Purposeful Reconnection in 2020
When I entered college at Ohio State University, I loved the idea of being part of the Class of 2020. Now, and I can imagine for years to come, saying you are a member of the Class of 2020 is accompanied by sympathetic looks and condolences. A global pandemic and graduating college share some distinct qualities – uncertainty and discouragement to name a few, but also resilience. The normal has completely shifted out from beneath us and the only solution, in both cases, was/is to adapt.
Reflecting on the past few months, the feelings of many students I have spoken with have altered greatly. Initially there was a gripping sense of being robbed of the remaining part of our college experience – goodbyes and celebrations that never took place. Masks instead of caps, Zoom happy hours with family instead of a sit-down dinner with diploma in hand, and, in my case, quarantine yard signs sent from parents trying to make it special. Once the initial pang of losing out on a ceremonial exit faded, however, the question that had shadowed my entire senior year resurfaced – what next?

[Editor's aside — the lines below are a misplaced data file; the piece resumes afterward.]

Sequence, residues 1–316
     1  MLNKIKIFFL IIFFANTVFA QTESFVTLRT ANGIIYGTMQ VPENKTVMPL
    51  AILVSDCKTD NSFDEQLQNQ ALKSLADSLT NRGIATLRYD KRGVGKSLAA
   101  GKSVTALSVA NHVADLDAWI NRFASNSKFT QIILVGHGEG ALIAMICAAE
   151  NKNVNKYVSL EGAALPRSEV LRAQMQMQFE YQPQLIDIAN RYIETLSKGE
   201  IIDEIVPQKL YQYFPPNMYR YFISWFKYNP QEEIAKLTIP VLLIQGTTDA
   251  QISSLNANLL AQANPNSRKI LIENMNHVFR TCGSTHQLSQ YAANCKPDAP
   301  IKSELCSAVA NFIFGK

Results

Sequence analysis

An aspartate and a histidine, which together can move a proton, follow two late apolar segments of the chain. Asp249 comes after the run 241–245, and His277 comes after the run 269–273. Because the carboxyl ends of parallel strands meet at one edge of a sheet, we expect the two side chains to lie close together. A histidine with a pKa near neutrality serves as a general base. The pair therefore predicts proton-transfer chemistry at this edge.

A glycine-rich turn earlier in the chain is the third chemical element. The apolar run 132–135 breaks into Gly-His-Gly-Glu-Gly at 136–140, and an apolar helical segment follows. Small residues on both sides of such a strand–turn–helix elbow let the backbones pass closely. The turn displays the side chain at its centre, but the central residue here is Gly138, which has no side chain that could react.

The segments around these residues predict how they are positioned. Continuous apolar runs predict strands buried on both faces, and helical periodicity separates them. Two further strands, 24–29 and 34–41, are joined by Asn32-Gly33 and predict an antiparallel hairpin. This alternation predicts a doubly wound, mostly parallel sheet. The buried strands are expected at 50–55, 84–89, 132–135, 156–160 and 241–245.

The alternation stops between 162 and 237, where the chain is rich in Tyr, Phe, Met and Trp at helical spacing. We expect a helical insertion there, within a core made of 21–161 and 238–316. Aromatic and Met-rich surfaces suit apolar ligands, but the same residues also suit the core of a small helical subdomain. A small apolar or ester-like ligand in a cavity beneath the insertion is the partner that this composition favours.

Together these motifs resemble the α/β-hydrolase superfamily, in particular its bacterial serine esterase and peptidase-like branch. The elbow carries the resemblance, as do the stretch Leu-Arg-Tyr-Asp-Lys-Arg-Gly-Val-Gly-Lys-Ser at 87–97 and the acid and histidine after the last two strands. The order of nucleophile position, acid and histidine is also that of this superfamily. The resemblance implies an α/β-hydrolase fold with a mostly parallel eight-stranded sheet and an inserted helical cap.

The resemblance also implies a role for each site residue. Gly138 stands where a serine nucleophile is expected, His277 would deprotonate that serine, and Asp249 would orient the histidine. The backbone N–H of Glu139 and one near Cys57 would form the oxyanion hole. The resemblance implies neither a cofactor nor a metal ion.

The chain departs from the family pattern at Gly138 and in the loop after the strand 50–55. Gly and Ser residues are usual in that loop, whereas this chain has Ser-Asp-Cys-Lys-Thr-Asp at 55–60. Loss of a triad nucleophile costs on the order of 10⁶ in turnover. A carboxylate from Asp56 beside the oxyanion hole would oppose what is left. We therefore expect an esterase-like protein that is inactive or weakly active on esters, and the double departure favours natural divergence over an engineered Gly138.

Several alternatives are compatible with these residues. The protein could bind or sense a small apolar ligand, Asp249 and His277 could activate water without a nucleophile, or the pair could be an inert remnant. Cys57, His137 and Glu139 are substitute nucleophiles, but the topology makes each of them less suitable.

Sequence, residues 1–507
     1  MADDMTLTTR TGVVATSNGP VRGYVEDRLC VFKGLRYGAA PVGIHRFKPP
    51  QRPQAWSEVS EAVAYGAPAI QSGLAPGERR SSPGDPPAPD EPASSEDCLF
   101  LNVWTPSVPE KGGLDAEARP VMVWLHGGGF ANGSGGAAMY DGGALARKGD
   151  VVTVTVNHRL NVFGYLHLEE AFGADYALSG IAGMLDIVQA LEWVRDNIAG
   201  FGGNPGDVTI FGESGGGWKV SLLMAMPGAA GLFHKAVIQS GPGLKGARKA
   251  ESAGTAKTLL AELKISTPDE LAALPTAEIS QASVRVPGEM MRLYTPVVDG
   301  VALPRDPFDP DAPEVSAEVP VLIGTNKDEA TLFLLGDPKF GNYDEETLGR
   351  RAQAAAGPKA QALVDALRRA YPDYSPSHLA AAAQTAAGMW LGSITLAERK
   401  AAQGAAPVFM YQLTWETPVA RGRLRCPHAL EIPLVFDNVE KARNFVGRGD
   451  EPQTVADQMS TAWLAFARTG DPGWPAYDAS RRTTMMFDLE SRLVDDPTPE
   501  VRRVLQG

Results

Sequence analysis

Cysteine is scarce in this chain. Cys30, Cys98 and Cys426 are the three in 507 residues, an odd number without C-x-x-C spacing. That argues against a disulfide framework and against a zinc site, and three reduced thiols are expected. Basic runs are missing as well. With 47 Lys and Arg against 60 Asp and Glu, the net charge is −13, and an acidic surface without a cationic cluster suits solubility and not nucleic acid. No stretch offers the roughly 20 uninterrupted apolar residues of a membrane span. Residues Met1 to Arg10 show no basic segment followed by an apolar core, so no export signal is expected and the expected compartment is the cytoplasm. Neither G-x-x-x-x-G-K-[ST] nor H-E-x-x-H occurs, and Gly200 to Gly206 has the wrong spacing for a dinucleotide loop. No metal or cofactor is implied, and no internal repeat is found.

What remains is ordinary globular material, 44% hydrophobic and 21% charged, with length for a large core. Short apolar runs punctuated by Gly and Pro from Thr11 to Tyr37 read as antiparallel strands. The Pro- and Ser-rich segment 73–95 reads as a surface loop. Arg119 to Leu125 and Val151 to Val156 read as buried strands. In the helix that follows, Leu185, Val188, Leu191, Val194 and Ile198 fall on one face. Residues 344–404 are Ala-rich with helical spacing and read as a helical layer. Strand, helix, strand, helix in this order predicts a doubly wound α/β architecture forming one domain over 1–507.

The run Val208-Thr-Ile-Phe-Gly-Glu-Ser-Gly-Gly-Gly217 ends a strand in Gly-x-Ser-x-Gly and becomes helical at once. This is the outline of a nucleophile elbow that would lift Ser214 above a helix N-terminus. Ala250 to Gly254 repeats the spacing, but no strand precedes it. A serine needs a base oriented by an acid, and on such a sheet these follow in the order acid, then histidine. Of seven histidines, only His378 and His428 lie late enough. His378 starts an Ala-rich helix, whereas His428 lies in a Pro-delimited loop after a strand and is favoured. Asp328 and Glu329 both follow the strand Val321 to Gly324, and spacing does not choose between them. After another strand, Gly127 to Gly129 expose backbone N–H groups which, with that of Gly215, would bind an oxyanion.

Entering my professional career mimicked many feelings that I assume were following those entering college in the fall of 2020. How do you make connections virtually? Is it even possible to build relationships without meeting someone face-to-face? My answers to these questions continually came back to the intentional effort we put into our relationships. Gone are the days (currently) that I could meander into the workplace kitchen and strike up a conversation with a peer not on my own team. Students can no longer make those casual class friends by just choosing the same seat every day. But we are not doomed, and those relationships are not extinct.
We all have to get a bit more creative and intentional in the time we invest in others. Personally, since joining the Wisr team in July, I feel a certain closeness with my co-workers and mentors that we have pieced together through Zoom happy hours, lunch “chit chat” sessions with our CEO, and service projects completed alone – and yet together via Zoom. I, like many of you I assume, look forward to the day of actually meeting my co-workers in person. In the meantime, however, I am particularly grateful to be working on a product that is fostering engagement and community for students across the nation. I encourage students and administrators alike to take advantage of the benefits that the digital world is providing for us now and make meaningful connections that have not been organically handed to us this year.